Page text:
The Emory Black Student Union (EBSU) – a space with study and lounge areas, enhanced technologies, student resources – is supported by committed staff offering educational and social programming. The EBSU reflects Campus Life's steadfast commitment to ensuring an inclusive, equitable, and just environment that allows all members of our Emory community to thrive. The EBSU is open to all Emory students, undergraduate, and graduate, and exists to help support our diverse community with dedicated space for programs, celebrations, and knowledge sharing.

We invite you to experience the space, connect with resources, enjoy artwork that celebrates the legacy of Emory’s Black communities, and attend meetings and events sponsored by the EBSU and Emory’s various Black student organizations.

Stay Connected!

Subscribe to the EBSU Listserv!  The purpose of the listserv is to disseminate information to keep subscribers abreast of what is happening on campus and beyond, especially as it aligns with the mission and vision of the EBSU.  We provide weekly emails about programs, highlights, and efforts regarding the EBSU space to  keep you informed!  If interested in frequent updates and communication check out our Facebook page: THE EBSU.  

To subscribe to the EBSU Listserv:

  • Send email to Listserv@listserv.emory.edu
  • In the text(body) of the email, write SUBSCRIBE EBSU [your first name] [your last name]. For example" Subscribe EBSU Alex Walker"

To unsubscribe from the EBSU Listserv:

  • Send an email to Listser@listserv.emory.edu 
  • In the text of the email, write UNSUBSCRIBE EBSU [your first name] [your last name]. For example”UNSUBSCRIBE EBSU Alex Walker
For further assistance, email Sariyah Benoit (SNBENOI@emory.edu) or Andrea Grant (aegrant@emory.edu)

Emory Black Student Union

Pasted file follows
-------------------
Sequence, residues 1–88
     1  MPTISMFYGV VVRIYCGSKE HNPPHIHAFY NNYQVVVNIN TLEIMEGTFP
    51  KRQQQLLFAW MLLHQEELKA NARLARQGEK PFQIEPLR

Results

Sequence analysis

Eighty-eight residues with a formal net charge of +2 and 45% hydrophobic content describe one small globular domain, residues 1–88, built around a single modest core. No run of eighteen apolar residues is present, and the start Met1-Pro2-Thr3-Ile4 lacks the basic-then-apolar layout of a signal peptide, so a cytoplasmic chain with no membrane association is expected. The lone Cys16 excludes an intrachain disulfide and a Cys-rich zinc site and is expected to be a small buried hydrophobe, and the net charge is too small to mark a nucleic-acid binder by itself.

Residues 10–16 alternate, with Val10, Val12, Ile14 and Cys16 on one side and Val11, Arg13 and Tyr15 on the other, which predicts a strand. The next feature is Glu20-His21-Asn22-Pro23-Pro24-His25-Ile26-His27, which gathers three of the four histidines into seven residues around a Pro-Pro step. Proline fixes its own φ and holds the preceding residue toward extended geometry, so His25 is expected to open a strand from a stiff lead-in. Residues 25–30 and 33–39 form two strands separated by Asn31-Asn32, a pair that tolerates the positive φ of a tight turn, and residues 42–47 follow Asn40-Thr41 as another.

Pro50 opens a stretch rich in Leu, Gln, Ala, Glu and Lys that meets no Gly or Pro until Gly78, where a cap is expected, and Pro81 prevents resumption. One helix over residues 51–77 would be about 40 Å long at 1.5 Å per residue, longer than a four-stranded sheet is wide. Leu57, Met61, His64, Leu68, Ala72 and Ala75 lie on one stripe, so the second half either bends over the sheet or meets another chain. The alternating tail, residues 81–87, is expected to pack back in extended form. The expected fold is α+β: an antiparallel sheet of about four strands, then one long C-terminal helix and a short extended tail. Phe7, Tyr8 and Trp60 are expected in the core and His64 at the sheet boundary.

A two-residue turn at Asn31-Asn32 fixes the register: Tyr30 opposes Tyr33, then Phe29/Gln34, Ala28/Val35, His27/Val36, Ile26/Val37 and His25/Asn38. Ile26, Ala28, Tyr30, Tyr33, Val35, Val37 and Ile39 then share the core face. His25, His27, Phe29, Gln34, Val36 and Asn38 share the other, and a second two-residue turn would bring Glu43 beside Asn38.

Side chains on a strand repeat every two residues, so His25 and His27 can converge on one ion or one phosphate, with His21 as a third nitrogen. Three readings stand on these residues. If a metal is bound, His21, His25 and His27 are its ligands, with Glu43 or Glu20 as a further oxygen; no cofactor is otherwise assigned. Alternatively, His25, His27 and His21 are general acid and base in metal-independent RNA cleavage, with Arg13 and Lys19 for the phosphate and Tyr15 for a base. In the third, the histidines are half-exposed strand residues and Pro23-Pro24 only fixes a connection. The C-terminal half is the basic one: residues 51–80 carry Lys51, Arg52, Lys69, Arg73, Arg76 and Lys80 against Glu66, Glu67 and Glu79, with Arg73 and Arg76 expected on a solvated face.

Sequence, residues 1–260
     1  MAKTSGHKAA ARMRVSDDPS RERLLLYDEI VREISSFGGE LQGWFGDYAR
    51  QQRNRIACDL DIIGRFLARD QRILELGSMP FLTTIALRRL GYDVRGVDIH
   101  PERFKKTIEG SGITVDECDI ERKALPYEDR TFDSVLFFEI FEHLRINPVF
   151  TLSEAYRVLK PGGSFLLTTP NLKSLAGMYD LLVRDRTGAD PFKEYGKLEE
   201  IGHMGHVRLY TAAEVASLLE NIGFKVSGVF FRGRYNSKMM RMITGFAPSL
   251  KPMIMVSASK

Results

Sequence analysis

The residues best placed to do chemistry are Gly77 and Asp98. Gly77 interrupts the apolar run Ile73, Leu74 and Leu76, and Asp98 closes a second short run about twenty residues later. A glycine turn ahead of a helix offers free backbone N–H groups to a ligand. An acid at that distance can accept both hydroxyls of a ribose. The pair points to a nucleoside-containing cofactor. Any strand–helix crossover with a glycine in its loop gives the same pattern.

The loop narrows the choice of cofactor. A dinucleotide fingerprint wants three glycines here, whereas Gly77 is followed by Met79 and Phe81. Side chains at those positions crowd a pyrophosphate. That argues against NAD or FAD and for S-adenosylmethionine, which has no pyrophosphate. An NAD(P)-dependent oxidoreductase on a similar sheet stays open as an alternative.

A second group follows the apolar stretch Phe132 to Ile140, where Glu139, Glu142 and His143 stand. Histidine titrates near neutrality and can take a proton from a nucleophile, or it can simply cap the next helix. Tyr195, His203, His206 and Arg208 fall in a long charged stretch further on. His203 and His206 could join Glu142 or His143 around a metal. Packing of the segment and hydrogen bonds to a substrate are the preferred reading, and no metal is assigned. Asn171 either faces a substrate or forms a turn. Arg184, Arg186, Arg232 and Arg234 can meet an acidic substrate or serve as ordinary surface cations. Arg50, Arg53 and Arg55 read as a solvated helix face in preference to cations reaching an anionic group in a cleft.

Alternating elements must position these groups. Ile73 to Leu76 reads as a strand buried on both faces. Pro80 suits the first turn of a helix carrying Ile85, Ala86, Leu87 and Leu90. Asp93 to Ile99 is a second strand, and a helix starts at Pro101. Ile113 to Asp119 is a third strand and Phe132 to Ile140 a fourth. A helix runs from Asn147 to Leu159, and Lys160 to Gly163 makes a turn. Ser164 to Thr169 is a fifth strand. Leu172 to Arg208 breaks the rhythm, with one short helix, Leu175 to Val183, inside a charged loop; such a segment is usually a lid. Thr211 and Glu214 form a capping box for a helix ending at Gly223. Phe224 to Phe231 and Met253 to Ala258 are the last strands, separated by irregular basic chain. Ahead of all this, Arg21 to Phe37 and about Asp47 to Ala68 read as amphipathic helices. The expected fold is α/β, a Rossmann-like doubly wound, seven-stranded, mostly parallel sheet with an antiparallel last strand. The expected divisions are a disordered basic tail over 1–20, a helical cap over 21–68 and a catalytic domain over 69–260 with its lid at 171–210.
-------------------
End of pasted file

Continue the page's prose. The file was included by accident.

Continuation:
Thank you, for your interest in reserving the EBSU for your program or event!

The EBSU is located in the Alumni Memorial University Center (AMUC) on the 1st Floor. We are Room E106 immediately adjacent to the Office of Racial and Cultural Engagement (RACE).

All EBSU reservations are governed by Emory Student Center meeting service policies in addition to lining up with the EBSU Mission & Vision. Please see Emory Student Center reservation policies.

The EBSU cannot approve reservations for non-Emory entities. Consider collaborating with an Emory student group for your program/event. Contact Meeting Services for additional assistance. Phone: 404.727.1706

EBSU Reservation Process

Prior to applying to reserve the EBSU please make sure that you or the entity you represent are:

  • An Emory student group, department or affiliate in good standing with the University
  • The owner of a working smartkey account
  • Proposing a program in line with the EBSU Mission /Vision
    • The Emory Black Student Union (EBSU) enhances, celebrates and supports Emory’s Black communities through dedicated space and programs and serves as a resource for African and African Diaspora culture and history

If your event matches these criteria please continue by applying to reserve the EBSU.